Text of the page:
Beginning in 1992 or 1993, Lennar-owned Village Builders started using Exterior Insulation and Finish System (“EIFS”), an imitation stucco siding product on homes it built. Lennar later learned that EIFS allowed the siding to trap water behind it and the materials underneath EIFS, causing damage to the materials underneath the EIFS by ongoing exposure to moisture. Lennar decided to stop EIFS in the first part of 1998, but by that time, Village Builders had built about 400-500 homes in Houston.
Ultimately, Lennar decided to strip the EIFS off all the houses and replace it with conventional stucco. It took about four and a half years to repair all the homes.
In June 2000, Lennar sued its primary insurance carrier, American Dynasty, and added its excess carrier, Markel American Insurance Company, to the lawsuit in 2001. Lennar requested a declaratory judgment that the carriers had a duty to indemnify Lennar for the EIFS claims. Eventually, Lennar settled with American Dynasty, leaving Markel as the only defendant at trial. A jury awarded Lennar $2,965,114.16 in actual damages, and Markel appealed the jury’s determination. In its appeal, Markel argued that Lennar failed to apportion covered losses from its uncovered losses, thereby precluding recovery for covered losses.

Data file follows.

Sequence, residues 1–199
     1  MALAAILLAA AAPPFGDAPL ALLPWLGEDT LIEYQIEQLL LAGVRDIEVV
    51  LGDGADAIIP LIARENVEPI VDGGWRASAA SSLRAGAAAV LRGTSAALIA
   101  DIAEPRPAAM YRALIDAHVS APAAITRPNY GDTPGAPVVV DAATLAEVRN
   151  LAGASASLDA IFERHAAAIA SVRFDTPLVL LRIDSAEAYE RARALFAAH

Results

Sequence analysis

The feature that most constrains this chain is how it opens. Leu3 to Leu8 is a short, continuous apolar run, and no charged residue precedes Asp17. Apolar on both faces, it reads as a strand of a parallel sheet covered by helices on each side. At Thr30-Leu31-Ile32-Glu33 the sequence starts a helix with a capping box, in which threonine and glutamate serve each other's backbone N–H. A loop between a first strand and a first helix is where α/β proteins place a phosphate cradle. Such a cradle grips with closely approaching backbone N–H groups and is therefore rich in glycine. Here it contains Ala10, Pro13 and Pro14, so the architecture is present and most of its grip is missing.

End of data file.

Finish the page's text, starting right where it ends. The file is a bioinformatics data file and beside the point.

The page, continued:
In Markel American Insurance Company v. Lennar Corporation, the Court of Appeals of Texas—Houston Division, stated that “[a]n insured is not entitled to recover under an insurance policy unless it proves its damages are covered under the policy.” The issue in this matter was whether the jury was instructed to segregate between damage caused by the faulty EIFS and the removal of EIFS as a preventative measure. The Court noted the doctrine of concurrent causation states that “when covered and non-covered perils combine to create a loss, the insured is entitled to recover only that portion of the damage caused solely by the covered peril.” And because the burden is on the insured to prove coverage, the Court emphasized that “[t]he insured must present some evidence from which the jury can allocate the damage attributable to the different causes.” The Court warned that “[t]he failure to segregate covered and uncovered perils is fatal to recovery.”
The jury charge in question defined “property damage,” in part, as “[t]he cost to remove and replace the EIFS in order to access and repair underlying water damage or in order to determine the areas of underlying water damage.” The Court found that this definition of “property damage” included merely removing and replacing EIFS as a preventative measure, regardless of whether or not there was actual property damage. “[T]his definition improperly included the costs of the removal and replacement of EIFS for preventative measures… . Because Lennar did not sustain its burden to segregate, there is no evidence of its covered damages.”